Minds can be frustrating. Sometimes we have distracting or destructive thoughts when we’d like nothing more than to flip a switch and turn our minds off after a long day. I don’t care whose mind you’re referencing, the “greatest hits” of annoying thoughts seem to be about the same for everyone: “Worry about an upcoming responsibility!” or “I’m agonizing over what another person thinks about me!” or “Criticize myself for feeling bad or not living up to a personal standard!”
If your mind seems to be more of an adversary than an ally, perhaps you’ve tried some of these things to win the war:
- Think about daisies and puppies or something else less threatening
- Invent new, tougher thoughts to defeat the thought bullies
- Eat cake, drink beer, take naps, or exercise until your legs fall off and hope those thoughts go away
- Be a “positive” thinker, despite evidence to the contrary—that not everything is so positive
These things might help for a little while, but no matter which mental marathon you’re willing to run, the annoying thoughts will probably outlast you. The good news is that there are some evidence-based cognitive and behavioral strategies you can use to cope more effectively when your mind’s playing tricks on you.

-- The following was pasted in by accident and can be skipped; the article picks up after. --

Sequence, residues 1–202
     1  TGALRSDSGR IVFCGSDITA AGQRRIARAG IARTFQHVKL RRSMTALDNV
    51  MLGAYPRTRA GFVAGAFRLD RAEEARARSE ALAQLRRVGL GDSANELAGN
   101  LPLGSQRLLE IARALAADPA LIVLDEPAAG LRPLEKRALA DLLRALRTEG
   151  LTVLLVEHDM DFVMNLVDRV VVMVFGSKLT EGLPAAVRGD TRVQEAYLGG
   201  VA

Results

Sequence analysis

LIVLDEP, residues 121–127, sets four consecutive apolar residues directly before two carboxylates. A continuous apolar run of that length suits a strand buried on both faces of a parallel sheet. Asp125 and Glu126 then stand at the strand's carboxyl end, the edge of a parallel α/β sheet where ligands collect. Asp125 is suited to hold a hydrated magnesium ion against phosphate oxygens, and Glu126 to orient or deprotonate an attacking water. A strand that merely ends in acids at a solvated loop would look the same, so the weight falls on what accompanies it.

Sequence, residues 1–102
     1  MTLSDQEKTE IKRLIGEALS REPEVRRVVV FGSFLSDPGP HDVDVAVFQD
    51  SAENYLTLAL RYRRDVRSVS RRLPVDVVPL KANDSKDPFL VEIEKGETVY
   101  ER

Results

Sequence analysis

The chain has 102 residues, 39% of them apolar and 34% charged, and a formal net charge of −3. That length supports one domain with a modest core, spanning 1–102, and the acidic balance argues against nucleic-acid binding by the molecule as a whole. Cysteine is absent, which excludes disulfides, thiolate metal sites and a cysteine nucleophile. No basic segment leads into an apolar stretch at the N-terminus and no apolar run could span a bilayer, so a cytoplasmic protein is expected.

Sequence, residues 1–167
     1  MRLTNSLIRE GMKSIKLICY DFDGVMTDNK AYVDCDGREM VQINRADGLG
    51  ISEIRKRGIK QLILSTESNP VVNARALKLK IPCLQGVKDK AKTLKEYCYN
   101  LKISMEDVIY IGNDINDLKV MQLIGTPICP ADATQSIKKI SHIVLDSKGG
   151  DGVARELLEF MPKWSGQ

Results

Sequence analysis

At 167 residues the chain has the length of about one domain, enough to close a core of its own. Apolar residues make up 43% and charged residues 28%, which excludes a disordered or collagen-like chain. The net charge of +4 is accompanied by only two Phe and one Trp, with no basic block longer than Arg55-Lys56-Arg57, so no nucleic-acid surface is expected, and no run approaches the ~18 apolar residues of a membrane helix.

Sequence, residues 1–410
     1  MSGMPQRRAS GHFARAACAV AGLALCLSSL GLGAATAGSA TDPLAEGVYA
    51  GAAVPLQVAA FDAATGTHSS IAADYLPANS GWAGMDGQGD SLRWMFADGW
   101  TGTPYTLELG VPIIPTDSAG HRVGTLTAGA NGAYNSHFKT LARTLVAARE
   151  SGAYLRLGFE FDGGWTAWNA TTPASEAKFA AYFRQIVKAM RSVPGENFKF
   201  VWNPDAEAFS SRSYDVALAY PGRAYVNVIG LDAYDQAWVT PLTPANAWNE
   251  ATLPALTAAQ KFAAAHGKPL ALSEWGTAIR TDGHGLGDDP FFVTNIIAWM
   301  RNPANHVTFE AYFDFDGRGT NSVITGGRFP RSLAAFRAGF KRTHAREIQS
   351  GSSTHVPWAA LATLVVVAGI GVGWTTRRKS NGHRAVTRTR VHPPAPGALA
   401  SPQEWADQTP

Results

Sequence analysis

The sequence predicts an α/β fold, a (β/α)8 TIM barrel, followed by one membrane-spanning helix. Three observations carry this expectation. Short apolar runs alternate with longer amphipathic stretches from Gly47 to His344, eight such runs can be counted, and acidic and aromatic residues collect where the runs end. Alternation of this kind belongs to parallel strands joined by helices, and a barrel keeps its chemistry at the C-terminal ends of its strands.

Here are my three favorite options for dealing with annoying thoughts that have way too much power over how we feel and what we do:
Restructure exaggerations. If you think that a project or an exam will be “brutal,” that “everybody” is mean, that you’re “a failure” if you’re not able to achieve something, or that you “hate” family functions, then congratulations—at least your thinking is economical.
The problem with this way of thinking is that, by ignoring subtle aspects of situations, you’re limiting your emotional and behavioral options. If you think in absolutes, predict the worst, and overstate the negative elements of your experiences, you’re likely to struggle with intense depression, anxiety, and anger. And this type of thinking might also lead to predictable patterns of behavior—passivity, avoidance, or explosiveness.
If you can catch destructive thoughts, you might ask yourself a series of questions to promote cognitive flexibility. What’s the evidence for and against this idea? Is it possible that another perspective is more accurate? Am I exaggerating or predicting the worst? Is there a more realistic way of thinking? How do I feel when I think this way? How do I feel when I think in more realistic ways?
Continue reading the full article: Psychology Today